Late payment of rent has been a growing problem for social landlords, and one that has been compounded by the coronavirus pandemic. James O’Hare, UK general manager at Esendex, considers how social landlords might address it
In association with:
How has the pandemic affected the scale of the problem with social housing rent arrears?
There is no doubt that the pandemic, and resulting rising unemployment, have had an enormous impact on delayed payment of rent. The figures illustrate the scale of the problem. Back at the very start of the pandemic, a survey showed that in April alone median arrears had increased by 10%, meaning on average landlords missed out on 3.3% of their total rent income for the month.
Then later in the year, multiple landlords were reporting increased arrears in the six months to September 2020. One association, with 66,000 homes in London and the South East, said its rent arrears increased from 7.7% in the six months to 30 September 2019 to 9% in the same period in 2020.
And in September, official figures from the Regulator of Social Housing showed that arrears had reached their highest level in five years, with average rent collection rates standing at 97.2% at the end of June – the lowest level since 2013.
All this backs up the conversations I’ve been having with colleagues at housing associations. One told me that arrears had risen from £67,155 to £155,892 in the past 12 months.
So I think, in the coming 12 months, providers are potentially facing the biggest challenge they’ve ever seen with arrears.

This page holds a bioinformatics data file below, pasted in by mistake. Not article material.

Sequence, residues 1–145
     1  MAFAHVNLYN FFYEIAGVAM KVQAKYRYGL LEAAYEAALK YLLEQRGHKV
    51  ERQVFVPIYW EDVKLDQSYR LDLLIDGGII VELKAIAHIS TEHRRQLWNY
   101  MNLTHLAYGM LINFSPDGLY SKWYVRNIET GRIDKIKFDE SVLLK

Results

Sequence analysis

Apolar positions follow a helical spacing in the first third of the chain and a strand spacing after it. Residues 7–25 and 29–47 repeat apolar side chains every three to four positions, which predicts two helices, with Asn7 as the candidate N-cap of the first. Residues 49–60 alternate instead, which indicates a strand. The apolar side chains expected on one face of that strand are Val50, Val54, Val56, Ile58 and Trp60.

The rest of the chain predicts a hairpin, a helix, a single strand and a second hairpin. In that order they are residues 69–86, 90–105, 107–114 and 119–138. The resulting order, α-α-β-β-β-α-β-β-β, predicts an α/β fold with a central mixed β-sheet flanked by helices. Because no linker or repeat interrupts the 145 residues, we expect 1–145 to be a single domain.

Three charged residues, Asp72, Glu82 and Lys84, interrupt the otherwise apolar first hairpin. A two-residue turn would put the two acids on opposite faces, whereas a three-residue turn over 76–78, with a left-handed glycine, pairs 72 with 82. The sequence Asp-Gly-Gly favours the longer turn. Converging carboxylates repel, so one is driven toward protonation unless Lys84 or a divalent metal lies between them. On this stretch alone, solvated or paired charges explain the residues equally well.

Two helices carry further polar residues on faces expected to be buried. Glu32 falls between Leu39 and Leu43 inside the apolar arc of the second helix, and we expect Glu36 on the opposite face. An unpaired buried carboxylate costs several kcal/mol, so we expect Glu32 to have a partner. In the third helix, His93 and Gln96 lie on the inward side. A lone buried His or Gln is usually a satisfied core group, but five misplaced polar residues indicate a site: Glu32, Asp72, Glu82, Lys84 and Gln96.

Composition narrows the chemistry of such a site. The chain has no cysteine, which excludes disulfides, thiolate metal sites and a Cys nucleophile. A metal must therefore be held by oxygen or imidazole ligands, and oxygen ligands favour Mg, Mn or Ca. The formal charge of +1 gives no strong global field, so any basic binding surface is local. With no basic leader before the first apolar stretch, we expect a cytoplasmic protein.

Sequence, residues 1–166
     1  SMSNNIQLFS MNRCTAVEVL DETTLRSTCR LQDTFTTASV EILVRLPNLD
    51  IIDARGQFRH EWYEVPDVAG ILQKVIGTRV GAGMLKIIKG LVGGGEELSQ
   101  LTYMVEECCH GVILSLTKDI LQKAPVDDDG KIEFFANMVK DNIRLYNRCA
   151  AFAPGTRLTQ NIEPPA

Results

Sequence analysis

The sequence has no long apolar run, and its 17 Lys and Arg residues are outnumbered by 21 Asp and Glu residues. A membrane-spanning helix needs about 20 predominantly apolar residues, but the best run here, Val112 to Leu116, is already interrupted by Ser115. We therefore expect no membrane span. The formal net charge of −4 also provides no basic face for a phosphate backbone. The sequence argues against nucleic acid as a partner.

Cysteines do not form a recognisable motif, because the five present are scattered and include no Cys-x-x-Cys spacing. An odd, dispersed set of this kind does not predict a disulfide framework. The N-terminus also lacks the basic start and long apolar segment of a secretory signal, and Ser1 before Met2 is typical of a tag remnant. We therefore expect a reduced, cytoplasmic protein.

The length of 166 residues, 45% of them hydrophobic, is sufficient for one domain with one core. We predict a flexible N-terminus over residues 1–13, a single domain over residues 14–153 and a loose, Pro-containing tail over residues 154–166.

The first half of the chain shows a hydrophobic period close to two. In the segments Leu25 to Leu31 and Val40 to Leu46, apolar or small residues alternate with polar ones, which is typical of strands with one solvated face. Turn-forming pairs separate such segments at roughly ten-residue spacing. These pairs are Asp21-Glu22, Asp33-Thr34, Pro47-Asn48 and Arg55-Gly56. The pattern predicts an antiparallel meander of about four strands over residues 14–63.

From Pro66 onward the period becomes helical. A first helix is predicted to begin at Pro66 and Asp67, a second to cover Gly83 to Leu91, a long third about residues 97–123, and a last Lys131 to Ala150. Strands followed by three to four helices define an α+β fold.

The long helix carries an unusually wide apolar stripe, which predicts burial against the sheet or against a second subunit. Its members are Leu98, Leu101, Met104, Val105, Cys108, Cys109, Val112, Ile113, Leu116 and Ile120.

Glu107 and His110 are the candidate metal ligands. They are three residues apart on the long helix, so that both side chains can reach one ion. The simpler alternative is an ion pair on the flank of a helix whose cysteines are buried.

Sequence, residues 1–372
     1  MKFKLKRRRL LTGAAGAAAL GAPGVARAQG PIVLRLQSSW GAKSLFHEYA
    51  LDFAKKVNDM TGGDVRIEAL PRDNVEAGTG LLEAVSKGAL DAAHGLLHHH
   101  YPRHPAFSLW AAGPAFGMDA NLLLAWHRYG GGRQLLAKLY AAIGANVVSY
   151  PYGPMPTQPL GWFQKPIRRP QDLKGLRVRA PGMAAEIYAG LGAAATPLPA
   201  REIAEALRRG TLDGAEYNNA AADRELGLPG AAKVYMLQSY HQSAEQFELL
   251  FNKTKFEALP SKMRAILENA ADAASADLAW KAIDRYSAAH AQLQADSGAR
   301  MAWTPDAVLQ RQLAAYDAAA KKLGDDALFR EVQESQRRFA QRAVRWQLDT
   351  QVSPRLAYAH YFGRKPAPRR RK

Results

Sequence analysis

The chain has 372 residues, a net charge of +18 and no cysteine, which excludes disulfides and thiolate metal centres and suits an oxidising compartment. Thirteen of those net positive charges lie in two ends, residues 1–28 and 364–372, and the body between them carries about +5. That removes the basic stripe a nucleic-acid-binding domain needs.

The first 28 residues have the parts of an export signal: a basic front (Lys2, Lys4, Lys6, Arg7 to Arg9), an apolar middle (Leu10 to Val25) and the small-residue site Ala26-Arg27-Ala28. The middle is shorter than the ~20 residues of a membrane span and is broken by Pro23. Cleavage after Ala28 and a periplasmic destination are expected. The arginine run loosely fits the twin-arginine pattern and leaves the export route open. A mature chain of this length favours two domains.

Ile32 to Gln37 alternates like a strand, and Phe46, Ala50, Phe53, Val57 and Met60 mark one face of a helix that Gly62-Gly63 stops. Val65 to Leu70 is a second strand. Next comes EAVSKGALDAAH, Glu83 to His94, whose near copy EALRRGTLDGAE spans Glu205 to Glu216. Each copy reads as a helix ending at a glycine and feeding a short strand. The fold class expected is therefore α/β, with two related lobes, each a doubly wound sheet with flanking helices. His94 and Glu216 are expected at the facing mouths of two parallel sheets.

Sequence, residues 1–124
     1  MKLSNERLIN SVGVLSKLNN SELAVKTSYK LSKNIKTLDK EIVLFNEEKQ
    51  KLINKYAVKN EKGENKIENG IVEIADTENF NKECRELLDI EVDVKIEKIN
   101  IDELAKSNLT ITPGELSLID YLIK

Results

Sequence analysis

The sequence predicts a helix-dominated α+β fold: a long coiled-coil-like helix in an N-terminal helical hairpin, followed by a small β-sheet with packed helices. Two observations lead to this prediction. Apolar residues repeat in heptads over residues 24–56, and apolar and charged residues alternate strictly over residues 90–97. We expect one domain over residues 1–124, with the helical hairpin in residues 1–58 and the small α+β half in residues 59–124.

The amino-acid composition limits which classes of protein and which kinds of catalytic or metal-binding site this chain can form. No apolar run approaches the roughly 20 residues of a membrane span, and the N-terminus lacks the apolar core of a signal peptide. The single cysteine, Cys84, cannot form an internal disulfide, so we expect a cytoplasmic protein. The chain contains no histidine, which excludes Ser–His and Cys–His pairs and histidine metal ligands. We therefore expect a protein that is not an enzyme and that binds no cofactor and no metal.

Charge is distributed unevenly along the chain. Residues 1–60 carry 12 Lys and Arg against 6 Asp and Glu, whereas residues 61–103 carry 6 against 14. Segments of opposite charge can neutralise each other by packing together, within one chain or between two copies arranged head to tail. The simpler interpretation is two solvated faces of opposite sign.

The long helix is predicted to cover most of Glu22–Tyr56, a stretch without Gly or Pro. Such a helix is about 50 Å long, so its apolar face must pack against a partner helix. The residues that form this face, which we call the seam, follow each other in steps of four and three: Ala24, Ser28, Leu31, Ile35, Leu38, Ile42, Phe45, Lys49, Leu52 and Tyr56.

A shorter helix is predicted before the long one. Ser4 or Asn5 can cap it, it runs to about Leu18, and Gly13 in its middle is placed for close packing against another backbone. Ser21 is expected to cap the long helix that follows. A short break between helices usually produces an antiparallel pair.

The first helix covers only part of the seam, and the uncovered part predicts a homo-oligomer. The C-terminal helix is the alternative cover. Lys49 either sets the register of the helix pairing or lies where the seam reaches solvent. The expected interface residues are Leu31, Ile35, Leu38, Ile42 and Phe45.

Even if the pandemic begins to subside, some of its effects will prove long-lasting. Levels of unemployment and personal debt won’t go back to previously seen levels straight away, so social housing providers have to, at the very least, make plans for more effective rent collection for the medium term.
And while the pandemic has undoubtedly made the problem more acute, rent arrears had been steadily growing for some time.
More and more tenants are on Universal Credit, for instance, and so receive a single payment intended to help with all living costs – but it can be hard for vulnerable residents to allocate the necessary proportion of that to their rent.
What have been some of the challenges in addressing rent arrears – even pre-pandemic?
Often social housing providers are using old-fashioned methods to try to collect rent, centred on post and calls. But in an increasingly digital age, these are often inefficient.
This has a few consequences. One is expense. One housing association we spoke to was sending about 250 reminders per week at an average cost of £1.60 per letter, which represents a cost per year of £20,800. Had each of those reminders been a text message instead, the annual cost would have been just £494.
Another key issue is engagement. While some tenants still prefer to receive their correspondence via mail, for many others, letters aren’t as engaging as digital channels. For example, mail has an open rate of 75%, compared with 95% for text messages. And while a text can be traced – a provider can know it’s arrived and when it’s been opened – it’s impossible to know whether a posted letter has reached its destination or been seen.
Phone calls do address some of those issues, but there are still challenges. Payments can only be taken during working hours, for instance, and only when a member of the call centre team is free. As with letters, there is also a financial issue. We’ve found that the average cost for an agent to take a payment from a tenant is £1.25. A digital solution through which the tenant can manage their own payments single-handedly costs half as much per interaction.